ShuttershockThe Westin Kierland Resort & Spa

There are food moments that you never forget. And the cuisines of the Southwest are rich with culinary memories for me: the spicy dip in a Phoenix restaurant that was my kids’ introduction to fiery jalapenos; the tasty salsas, tamales and chimichangas in Tucson’s Mexican eateries; and the puffy Navajo fry bread, traditionally fried on the end of a green piñon twig.

Traditional Southwest cooking is rooted in a pantry of corn, beans, squash and chiles. From small corner eateries to Phoenix’s upscale restaurants, I’ve found good-quality ingredients and dishes that are a treat for the tastebuds.

What makes Arizona’s Southwest cuisine unique is the intersection of several cultures – primarily the conquistadors of Spain and the Native Americans. The pioneers, ranchers and cowboys who homesteaded the western frontier brought their own touches to the ingredients of the ranch lands, the high desert and the mountains. Chuckwagon steaks grilled over a mesquite fire? You’ll find everywhere from a ranch stay to a five-star city restaurant. Chiles served stuffed, fried, battered and as a seasoning? Try any of a thousand Mexican restaurants.

In Arizona’s big cities – like Tucson and Phoenix – creative chefs are experimenting with fusion-style cooking. Combined with the traditional eateries of the Southwest, the choices for a dinner out are endless.

And while you may not think of wine when you think of Arizona, the state’s microclimates are home to three main wine trails, linking a dozen vineyards and more than 60 wineries. Arizona’s growing wineries are one of the state’s best-kept secrets.

Din980Metropolitan Tucson CVB

There’s no shortage of flavours to excite just about any foodie:


  • Chocolate-covered bacon anyone? In February the city of Glendale (on the outskirts of Phoenix) hosts The Chocolate Affaire, a true romance with the decadent treat. Chocolate is found in every form, on its own and coating everything from bits of Key lime pie to deep-fried churros to bacon.
  • In the southern part of the state, the Old West Highway is the route for the Salsa Trail, linking communities and businesses that grow, produce and serve the spicy Mexican condiment, farm fresh chiles and homemade corn and wheat tortillas. In September the annual SalsaFest in Safford puts on a salsa challenge, jalapeno eating contest and hot air balloon rides.
  • The brand-new Grand Canyon Dinner Theatre & Steakhouse brings world-class dinner theatre to the South Rim gateway community of Tusayan. The hour-long musical show features song and performance. Dinner is served family-style and includes all the traditional fixins’.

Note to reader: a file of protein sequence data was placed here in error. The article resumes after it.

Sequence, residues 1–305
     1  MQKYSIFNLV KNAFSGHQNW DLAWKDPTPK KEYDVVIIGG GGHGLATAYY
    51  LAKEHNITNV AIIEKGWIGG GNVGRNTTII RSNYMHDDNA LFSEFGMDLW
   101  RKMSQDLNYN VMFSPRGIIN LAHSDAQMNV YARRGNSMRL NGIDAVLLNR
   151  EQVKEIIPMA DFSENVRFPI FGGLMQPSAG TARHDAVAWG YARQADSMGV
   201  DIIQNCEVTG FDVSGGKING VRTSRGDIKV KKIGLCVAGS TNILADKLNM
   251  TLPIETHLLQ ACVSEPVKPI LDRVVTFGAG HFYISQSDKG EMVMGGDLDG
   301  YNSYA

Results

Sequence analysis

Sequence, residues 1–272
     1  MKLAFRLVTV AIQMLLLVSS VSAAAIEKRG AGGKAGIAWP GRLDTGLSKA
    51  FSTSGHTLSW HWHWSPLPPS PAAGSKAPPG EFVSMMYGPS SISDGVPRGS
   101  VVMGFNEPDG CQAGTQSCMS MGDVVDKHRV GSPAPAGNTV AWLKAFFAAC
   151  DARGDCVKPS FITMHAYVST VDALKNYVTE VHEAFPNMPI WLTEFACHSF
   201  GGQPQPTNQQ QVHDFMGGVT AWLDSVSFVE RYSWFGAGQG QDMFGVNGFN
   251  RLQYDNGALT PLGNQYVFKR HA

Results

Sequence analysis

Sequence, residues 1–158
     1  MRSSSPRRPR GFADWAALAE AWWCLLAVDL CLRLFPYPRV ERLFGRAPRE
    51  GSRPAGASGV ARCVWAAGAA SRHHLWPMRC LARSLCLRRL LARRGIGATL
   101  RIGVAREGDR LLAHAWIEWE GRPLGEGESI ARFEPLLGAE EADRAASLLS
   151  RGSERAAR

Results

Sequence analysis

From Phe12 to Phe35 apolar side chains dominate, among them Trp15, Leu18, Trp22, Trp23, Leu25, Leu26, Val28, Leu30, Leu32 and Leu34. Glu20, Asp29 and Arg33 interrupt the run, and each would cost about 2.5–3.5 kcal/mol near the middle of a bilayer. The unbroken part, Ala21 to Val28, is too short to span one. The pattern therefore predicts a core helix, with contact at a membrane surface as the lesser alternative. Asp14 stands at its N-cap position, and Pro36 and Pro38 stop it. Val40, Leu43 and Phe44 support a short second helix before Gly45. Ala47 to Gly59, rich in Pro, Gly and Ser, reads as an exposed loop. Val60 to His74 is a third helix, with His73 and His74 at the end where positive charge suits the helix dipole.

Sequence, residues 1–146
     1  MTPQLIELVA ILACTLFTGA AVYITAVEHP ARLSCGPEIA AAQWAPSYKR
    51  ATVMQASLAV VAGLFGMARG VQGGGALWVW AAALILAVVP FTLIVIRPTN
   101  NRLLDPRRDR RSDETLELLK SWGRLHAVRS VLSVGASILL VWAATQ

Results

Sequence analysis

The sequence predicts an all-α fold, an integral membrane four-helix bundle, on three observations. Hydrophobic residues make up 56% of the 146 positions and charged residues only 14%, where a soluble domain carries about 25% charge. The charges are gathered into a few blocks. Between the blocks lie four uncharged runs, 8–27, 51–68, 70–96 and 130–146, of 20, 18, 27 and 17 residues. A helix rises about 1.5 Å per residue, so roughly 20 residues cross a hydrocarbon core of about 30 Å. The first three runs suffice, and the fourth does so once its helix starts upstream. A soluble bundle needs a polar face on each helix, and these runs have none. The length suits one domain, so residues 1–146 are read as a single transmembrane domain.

• Prepare for a road that twists and turns to the mile-high arts community of Jerome, home of The Haunted Hamburger. The menu is peppered with Arizona specials – Prickly Pear Mojitos, the 16-oz Haunted Sirloin, or the massive Double Haunted Burger topped with guacamole and green chiles.
  • The newly-opened Brat Haus in downtown Scottsdale shakes up things with over two-dozen craft beers on the menu as well as house-made gourmet sausages from traditional style to the more exotic, including habanero chicken, wild boar and rattlesnake.
  • Foodies get to share table space with the chef at Feast, the interactive communal meal held on the last Tuesday of every month at Talavera, the signature restaurant at the Four Seasons Resort Scottsdale at Troon North. The meal focuses on locally-sourced ingredients and Arizona Stronghold wines.
  • In Tucson, one of the nation’s great botanical gardens, the Tohono Chul Park, has opened the new Tohono Chul Garden Bistro. Breakfast and lunch are served in the garden surroundings, with a focus on dishes made with local, organic ingredients.
  • Follow the neon saguaro sign in Tucson to the Monterey Court Café and Bistro, in a repurposed 1930s motor court motel. The historical property also has live music and a weekly farmers’ market.
  • The ASU performing arts theatre, ASU Gammage, has teamed up with over a dozen Tempe restaurants to offer special dinner and a show deals to Broadway and BEYOND ticketholders on days of performances.
  • Named as One of the Top 50 Plates in the Country by USA Today, El Charro Café in Tucson is the nation’s oldest Mexican restaurant in continuous operation by the same family. The menu is a who’s-who of Mexican dinner favourites – from fresh made guacamole to fajita platters and colourful banderas.
  • Three main wine trails – the Verde Valley Wine Trail in the north, the Sonoita/Elgin Wine Trail in the far south, and the Willcox Wine Trail in the southeast offer a variety of skilfully crafted wines to satisfy any wine taster. There are guided tours, tasting rooms, festivals and wine/food pairings.